From the Humane Society of Tampa Bay:
TAMPA, FLA (November 20, 2017) – Dr. Karla Bard, Director of Medical Operations at the Humane Society of Tampa Bay, led a presentation of landmark research findings at the annual meeting of the American Board of Veterinary Practitioners (ABVP) at their special veterinary session on Saturday, October 7th in Atlanta, GA. This prestigious honor reflects the high esteem in which Dr. Bard and the Humane Society of Tampa Bay (and AAHA-accredited veterinary facility) are held and the respect gained for their unwavering commitment to relevancy and leading in the field.
The milestone research findings alleviate concerns that a nationwide rise in high volume spay-neuter facilities has been accompanied by a lower quality of care that leads to an increase in post-surgical mortality rates. According to results from the six-year study, however, high-volume spay-neuter surgery is associated with lower mortality rates, approaching that achieved in human surgery.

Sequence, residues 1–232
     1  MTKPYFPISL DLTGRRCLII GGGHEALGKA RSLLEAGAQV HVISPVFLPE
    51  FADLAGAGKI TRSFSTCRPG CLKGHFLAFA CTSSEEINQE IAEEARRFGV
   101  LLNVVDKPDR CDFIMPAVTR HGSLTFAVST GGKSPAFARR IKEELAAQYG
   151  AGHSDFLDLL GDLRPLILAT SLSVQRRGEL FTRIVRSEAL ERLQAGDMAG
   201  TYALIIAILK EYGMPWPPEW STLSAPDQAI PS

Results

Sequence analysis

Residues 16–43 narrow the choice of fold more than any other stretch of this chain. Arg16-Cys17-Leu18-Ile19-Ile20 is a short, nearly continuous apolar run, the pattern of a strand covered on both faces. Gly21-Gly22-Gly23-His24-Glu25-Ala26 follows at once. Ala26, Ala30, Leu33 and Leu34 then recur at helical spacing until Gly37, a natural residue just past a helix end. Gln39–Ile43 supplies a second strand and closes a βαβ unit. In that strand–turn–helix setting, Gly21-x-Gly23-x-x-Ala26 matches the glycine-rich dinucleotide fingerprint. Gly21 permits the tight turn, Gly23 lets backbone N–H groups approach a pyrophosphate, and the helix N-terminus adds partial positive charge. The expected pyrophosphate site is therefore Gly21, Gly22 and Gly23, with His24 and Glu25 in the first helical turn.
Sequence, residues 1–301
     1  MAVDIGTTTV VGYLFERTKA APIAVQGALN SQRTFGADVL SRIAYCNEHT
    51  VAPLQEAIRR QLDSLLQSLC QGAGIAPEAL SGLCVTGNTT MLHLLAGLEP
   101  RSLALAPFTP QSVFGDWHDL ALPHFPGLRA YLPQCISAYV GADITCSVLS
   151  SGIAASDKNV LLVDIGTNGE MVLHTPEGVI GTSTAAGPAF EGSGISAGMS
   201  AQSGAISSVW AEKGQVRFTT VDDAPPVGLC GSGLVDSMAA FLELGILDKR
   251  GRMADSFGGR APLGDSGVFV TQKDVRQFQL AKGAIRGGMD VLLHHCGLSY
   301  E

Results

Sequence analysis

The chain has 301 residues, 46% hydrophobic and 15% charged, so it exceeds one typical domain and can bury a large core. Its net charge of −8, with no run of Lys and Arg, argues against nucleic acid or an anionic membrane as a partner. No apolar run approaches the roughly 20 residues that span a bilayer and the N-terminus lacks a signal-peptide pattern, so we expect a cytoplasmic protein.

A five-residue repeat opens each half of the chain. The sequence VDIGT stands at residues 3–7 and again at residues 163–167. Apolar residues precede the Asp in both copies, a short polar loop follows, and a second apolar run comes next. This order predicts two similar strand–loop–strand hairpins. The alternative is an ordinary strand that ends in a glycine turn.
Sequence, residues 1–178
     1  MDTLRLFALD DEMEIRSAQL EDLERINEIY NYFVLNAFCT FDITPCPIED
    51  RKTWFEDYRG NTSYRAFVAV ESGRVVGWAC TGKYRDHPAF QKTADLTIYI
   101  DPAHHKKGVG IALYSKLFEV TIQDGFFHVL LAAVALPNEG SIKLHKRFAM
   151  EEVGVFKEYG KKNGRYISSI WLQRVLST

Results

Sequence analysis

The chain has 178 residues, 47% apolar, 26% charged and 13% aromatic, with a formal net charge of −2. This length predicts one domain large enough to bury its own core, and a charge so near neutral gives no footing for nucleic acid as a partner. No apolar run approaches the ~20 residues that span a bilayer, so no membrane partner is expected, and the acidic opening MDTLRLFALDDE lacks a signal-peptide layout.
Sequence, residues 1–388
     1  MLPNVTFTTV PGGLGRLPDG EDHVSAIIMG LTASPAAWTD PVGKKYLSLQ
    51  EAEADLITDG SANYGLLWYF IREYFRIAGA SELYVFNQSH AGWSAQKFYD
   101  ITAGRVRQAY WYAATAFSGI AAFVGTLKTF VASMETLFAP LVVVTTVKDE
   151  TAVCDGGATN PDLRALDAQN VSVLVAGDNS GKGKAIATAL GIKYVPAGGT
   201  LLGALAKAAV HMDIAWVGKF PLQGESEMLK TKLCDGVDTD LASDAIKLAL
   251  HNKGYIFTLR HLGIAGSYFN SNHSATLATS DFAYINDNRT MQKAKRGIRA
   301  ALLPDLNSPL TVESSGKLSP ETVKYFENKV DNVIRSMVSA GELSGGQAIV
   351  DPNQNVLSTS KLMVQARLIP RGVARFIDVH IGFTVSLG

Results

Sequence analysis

“High volume spay–neuter clinics have been established to save lives by reducing the number of animals admitted to and euthanized in animal shelters,” said Dr. Bard. “The results of our study confirm the absolute safety of these clinics and offer further evidence to support aggressive spay-neuter initiatives.”
The study and subsequently published research was conducted in partnership with Dr. Julie K. Levy, Maddie’s® Professor of Shelter Medicine at the University of Florida Maddie’s® Shelter Medicine Program, and supported by a Maddie’s Fund® grant.